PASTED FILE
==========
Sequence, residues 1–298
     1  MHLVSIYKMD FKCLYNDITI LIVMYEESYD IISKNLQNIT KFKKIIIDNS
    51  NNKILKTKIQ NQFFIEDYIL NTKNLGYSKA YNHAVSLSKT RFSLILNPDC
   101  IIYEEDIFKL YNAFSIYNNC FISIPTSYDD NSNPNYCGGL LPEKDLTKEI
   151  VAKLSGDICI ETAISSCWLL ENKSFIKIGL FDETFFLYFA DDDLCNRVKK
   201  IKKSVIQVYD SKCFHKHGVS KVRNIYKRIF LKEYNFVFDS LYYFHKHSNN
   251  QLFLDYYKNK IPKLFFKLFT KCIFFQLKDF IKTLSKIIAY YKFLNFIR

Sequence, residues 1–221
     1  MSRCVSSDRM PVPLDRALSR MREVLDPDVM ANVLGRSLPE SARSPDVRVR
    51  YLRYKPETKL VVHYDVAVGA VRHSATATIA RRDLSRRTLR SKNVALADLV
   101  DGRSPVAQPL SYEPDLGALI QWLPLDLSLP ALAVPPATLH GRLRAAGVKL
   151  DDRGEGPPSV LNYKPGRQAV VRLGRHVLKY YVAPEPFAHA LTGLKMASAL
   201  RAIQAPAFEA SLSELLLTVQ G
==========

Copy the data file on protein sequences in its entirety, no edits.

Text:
Sequence, residues 1–298
     1  MHLVSIYKMD FKCLYNDITI LIVMYEESYD IISKNLQNIT KFKKIIIDNS
    51  NNKILKTKIQ NQFFIEDYIL NTKNLGYSKA YNHAVSLSKT RFSLILNPDC
   101  IIYEEDIFKL YNAFSIYNNC FISIPTSYDD NSNPNYCGGL LPEKDLTKEI
   151  VAKLSGDICI ETAISSCWLL ENKSFIKIGL FDETFFLYFA DDDLCNRVKK
   201  IKKSVIQVYD SKCFHKHGVS KVRNIYKRIF LKEYNFVFDS LYYFHKHSNN
   251  QLFLDYYKNK IPKLFFKLFT KCIFFQLKDF IKTLSKIIAY YKFLNFIR

Sequence, residues 1–221
     1  MSRCVSSDRM PVPLDRALSR MREVLDPDVM ANVLGRSLPE SARSPDVRVR
    51  YLRYKPETKL VVHYDVAVGA VRHSATATIA RRDLSRRTLR SKNVALADLV
   101  DGRSPVAQPL SYEPDLGALI QWLPLDLSLP ALAVPPATLH GRLRAAGVKL
   151  DDRGEGPPSV LNYKPGRQAV VRLGRHVLKY YVAPEPFAHA LTGLKMASAL
   201  RAIQAPAFEA SLSELLLTVQ G